10 Podcaster Secrets You Should Know
Thinking of Hiring a Podcast Production Agency?
Nearly every day, we at VAFLIX get asked, “What is the best way to create a successful podcast?”
There is no single response that can adequately address this inquiry. It takes a lot of moving parts to produce an entertaining and informative podcast, and you need a lot of those moving parts. The production of a successful podcast can be accomplished in a variety of ways.
I want to share with you 10 strategies used by podcasters to gauge their own success in this post.
Is the sound quality excellent?
Even though it might seem obvious, the vast majority of great podcasts have great sound quality. Don’t get me wrong; there are plenty of podcasts out there that sound like they were recorded in a box, and they are incredibly popular. But these podcasters have one thing in common: they invest money in the audio quality of their shows.
These podcasters spend money on both hardware and audio editing software.
At the end of the day, you want your listeners to enjoy their time with your podcast without having to constantly strain their ears to hear the program’s content.
In my opinion, you should consider whether it’s time to upgrade your equipment. For your listener, better hardware and software can make a huge difference.
Do you use a paid podcast hosting service?
I am aware that many podcasters find this to be a sensitive topic.
As you can see, there are more people who have problems with the service than success stories.
That being said, if you are a podcaster, Anchor is still a fantastic service to launch your show. You might wonder why you were using a paid hosting service in the first place if you were trying to expand your program.
Programs that don’t publish on time or podcast episodes that disappear from their directory are two of the frequent complaints I’ve heard about Anchor. Furthermore, I’ve heard that they don’t have the best customer service.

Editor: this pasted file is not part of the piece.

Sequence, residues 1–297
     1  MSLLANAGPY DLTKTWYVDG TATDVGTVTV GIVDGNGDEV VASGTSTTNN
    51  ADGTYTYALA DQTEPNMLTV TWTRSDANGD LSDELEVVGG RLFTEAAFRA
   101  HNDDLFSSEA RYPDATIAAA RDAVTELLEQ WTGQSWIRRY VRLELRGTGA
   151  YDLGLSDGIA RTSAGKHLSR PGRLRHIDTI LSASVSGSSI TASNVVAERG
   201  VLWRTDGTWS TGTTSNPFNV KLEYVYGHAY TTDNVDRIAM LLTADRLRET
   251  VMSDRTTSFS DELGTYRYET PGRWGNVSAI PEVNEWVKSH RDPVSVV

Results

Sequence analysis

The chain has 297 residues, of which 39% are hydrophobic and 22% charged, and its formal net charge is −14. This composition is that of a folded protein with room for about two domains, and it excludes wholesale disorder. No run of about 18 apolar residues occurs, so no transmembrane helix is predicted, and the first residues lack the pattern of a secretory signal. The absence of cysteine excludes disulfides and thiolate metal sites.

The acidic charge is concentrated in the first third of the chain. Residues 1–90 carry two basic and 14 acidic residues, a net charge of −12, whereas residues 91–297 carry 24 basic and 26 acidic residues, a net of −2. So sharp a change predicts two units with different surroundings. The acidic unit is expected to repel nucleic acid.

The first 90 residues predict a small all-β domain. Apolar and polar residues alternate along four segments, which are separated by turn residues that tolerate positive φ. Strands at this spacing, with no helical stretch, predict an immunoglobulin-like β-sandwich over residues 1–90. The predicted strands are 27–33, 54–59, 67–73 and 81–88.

If you plan to use a free podcast hosting service, be aware that you will have to start your podcast from scratch once you decide you are not satisfied with their service.
Paid hosting services give you access to more analytical tools and give you control over your own RSS feed. They also give you the customer service you deserve.
The most crucial thing you could do as a podcaster is to have control over your RSS feed. This enables you to change services without having your podcast delivery interrupted.
Even now, I’d still pick paid hosting over any kind of free hosting service.
Do you post thorough show notes on a blog?
I’m referring to the show notes that can be found in a blog post. Successful podcasters who write thorough show notes and post them on their blog are helping themselves by attracting more listeners.
This is due to the fact that these podcasters are aware of the importance of SEO in relation to Google search.
It doesn’t imply that having thorough show notes for Apple podcasts isn’t important, but having them on your blog is just as crucial.
Consider this: Almost always, there is a link to a website that lists each and every podcast episode when you come across a great podcast in Apple Podcasts.
You may occasionally even see the complete interview transcript. You might wonder why I would want to post the entire conversation’s transcript on my blog.
The answer is simple.
Based on the keyword density of the conversation that is placed on the blog post, these podcasters want their website to appear in search results.
as a pro tip. As a result, Google has a better chance of providing the information seeker with useful search results.
Keep in mind that not every listener searches for podcasts on Apple Podcasts or anywhere else they can find podcasts. You want to be able to appear in front of Google searchers with content whenever they conduct a search thanks to the SEO work you did.
Do you utilize email marketing tools?
The major podcasters have all made investments in email marketing. This indicates that these podcasters want to broadcast a message via email in addition to broadcasting it across a variety of devices.
Better content inside of emails is one of the best ways to get people interested in your content.
This does not imply that you should invite people to subscribe to your newsletter in order to receive exclusive deals and updates. Instead, you want to present a chance for your listeners to learn something from you.
Even if you are offering free stuff, make sure you are adding value to your list every time you send an email.
It’s important to understand that creating an email list is a fine art before I continue. If you want to have engaged listeners, it takes a lot of skill to persuade someone to join your email list. It’s crucial for you to collect the best email possible rather than the one that is provided to you and will only be used for spam.